“The essences (DNA) of Adamu and Tiamat were contemplated,” Enki relates in his memoir. “With the life essence of Anunnaki males and females they were compared. Like 22 branches on a Tree of Life were the essences. Their bits were comparable, the images and likenesses they properly determined.

Twenty-two they were in number; the ability to procreate they did not include! Another two bits of the essence in the Anunnaki present Ningishzidda showed. One male, one female; without them there was no procreating, so he was explaining. In the moulds of Adam and Tiamat, in the combining they were not included!”

Now,  the information I’m imparting to you originally came from clay tablets inscribed 6000 years ago by the Sumerians. The Sumerians, My Brother, knew  6000 years ago  about man’s genetic blueprint called DNA. They knew that DNA was made up of two entwined strands.

They knew the number of chromosomes (bits)  in each sex cell. Yet modern science only came to know about the existence of DNA in the second half of the 20th century. Who endowed the Sumerians with this kind of knowledge? It was the Anunnaki of course, as Enki’s writings clearly confirm. And we say the ancients were unlettered, benighted dunderheads! This Earth, My Brother…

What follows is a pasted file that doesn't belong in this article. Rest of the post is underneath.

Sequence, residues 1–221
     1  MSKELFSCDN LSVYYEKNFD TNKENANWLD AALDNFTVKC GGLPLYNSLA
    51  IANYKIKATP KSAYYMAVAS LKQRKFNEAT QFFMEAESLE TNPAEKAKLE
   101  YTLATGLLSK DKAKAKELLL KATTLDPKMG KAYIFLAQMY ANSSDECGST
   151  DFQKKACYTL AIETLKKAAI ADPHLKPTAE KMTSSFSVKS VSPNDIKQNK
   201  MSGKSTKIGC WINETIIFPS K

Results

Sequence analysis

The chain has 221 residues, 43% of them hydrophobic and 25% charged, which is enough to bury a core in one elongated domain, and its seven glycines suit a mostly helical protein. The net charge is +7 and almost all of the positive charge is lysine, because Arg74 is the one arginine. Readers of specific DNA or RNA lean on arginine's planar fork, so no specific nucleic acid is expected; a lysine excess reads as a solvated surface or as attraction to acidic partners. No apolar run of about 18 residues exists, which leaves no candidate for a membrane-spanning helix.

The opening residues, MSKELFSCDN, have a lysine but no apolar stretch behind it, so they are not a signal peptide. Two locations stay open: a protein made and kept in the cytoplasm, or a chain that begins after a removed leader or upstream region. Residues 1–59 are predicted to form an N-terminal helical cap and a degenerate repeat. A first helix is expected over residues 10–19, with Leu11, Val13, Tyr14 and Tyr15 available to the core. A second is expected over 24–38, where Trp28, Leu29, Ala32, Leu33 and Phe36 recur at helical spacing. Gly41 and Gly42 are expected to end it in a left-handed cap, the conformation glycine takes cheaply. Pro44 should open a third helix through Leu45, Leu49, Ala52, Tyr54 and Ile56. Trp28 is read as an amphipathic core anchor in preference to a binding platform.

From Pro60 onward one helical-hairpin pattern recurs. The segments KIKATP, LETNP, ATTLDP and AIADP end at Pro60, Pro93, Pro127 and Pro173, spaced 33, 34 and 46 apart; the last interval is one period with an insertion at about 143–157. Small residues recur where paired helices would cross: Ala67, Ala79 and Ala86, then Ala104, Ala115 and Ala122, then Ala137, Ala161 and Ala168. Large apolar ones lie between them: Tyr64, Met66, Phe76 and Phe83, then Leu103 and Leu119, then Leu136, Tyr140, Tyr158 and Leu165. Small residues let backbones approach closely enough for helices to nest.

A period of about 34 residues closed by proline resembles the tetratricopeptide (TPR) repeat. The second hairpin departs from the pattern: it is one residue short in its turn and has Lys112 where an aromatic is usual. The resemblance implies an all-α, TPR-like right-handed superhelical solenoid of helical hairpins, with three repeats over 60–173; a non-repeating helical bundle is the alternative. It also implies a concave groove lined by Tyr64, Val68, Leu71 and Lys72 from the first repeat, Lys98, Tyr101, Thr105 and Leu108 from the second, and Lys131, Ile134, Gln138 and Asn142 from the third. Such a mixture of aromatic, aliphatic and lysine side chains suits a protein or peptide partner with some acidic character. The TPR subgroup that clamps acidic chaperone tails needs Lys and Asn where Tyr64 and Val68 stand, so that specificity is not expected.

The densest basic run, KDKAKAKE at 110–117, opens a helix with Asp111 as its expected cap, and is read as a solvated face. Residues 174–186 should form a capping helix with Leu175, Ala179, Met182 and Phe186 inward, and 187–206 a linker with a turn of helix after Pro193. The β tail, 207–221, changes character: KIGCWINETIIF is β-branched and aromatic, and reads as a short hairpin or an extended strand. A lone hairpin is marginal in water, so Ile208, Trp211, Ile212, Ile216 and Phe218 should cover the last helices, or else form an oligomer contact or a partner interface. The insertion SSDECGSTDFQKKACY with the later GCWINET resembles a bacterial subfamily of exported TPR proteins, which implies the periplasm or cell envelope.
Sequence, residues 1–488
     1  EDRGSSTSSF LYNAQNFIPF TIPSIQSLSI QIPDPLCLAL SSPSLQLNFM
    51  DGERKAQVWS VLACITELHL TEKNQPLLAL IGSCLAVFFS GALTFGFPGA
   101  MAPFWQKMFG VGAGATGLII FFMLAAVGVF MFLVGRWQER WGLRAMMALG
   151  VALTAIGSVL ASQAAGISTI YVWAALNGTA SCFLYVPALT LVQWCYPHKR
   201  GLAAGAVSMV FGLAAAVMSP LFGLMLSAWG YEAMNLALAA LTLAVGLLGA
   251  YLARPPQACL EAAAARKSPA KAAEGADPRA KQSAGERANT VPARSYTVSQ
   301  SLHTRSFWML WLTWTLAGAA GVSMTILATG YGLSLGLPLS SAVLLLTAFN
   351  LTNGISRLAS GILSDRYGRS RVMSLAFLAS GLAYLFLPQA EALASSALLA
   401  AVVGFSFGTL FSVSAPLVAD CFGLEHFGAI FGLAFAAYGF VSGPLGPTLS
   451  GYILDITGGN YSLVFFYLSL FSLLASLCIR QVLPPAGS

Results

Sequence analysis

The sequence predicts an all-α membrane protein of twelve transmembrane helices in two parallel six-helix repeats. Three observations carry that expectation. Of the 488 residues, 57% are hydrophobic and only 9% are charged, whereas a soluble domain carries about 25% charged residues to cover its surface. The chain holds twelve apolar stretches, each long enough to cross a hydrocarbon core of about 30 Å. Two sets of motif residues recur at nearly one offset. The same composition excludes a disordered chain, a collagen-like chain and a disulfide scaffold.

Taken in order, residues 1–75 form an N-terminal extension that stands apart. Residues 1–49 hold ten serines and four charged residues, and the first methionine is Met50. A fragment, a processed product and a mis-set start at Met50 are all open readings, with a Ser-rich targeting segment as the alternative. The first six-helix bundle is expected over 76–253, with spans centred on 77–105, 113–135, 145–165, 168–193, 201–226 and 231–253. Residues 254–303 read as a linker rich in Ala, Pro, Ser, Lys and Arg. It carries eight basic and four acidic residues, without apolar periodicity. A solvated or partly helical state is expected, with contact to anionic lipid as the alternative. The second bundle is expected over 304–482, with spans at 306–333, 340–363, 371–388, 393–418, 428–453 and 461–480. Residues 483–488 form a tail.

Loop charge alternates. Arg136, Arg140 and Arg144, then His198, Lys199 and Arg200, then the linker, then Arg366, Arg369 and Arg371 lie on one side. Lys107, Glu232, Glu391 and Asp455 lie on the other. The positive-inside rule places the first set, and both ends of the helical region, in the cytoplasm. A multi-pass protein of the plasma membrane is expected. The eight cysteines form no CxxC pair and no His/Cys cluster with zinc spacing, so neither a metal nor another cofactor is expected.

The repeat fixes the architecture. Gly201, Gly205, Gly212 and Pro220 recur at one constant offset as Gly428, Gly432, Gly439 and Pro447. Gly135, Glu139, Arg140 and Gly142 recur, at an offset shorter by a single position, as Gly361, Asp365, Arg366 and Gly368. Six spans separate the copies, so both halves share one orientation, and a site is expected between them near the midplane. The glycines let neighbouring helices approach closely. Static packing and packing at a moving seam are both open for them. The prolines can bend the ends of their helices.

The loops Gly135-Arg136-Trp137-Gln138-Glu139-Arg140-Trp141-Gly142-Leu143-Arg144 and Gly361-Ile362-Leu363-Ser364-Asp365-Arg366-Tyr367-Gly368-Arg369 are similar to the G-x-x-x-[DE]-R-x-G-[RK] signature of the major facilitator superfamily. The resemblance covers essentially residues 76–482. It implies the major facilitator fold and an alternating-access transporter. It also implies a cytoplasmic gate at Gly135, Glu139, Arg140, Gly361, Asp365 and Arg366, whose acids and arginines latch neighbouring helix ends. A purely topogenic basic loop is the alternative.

In Genesis, the first book of the Hebrew Bible, commonly known as the Old Testament, we are told that the Garden of Eden had two trees that stood at its centre. They were the Tree of Life and the Tree of Knowledge of Good and Evil. The Christian clergy has taken this characterisation literally: they portray them as real, fruit-bearing  trees indeed.

That is self-deluding. The Trees were no trees at all: they were images of something much more profound (Note, though, that there did exist a “plant of life”, which Ninmah had brought from Nibiru, but this does not apply in the Eden context).

Let us first put into  perspective, once again,  exactly where Adam and Eve were based. They were in the broader, mid-eastern  region called the Edin or Eden as per Genesis. The Edin was made up of several city-states, 7 in all. Although Enlil, the Bible’s primary  Jehovah/Yahweh, was the governor-general of the Edin, each of the 7 city-states had its own overseer.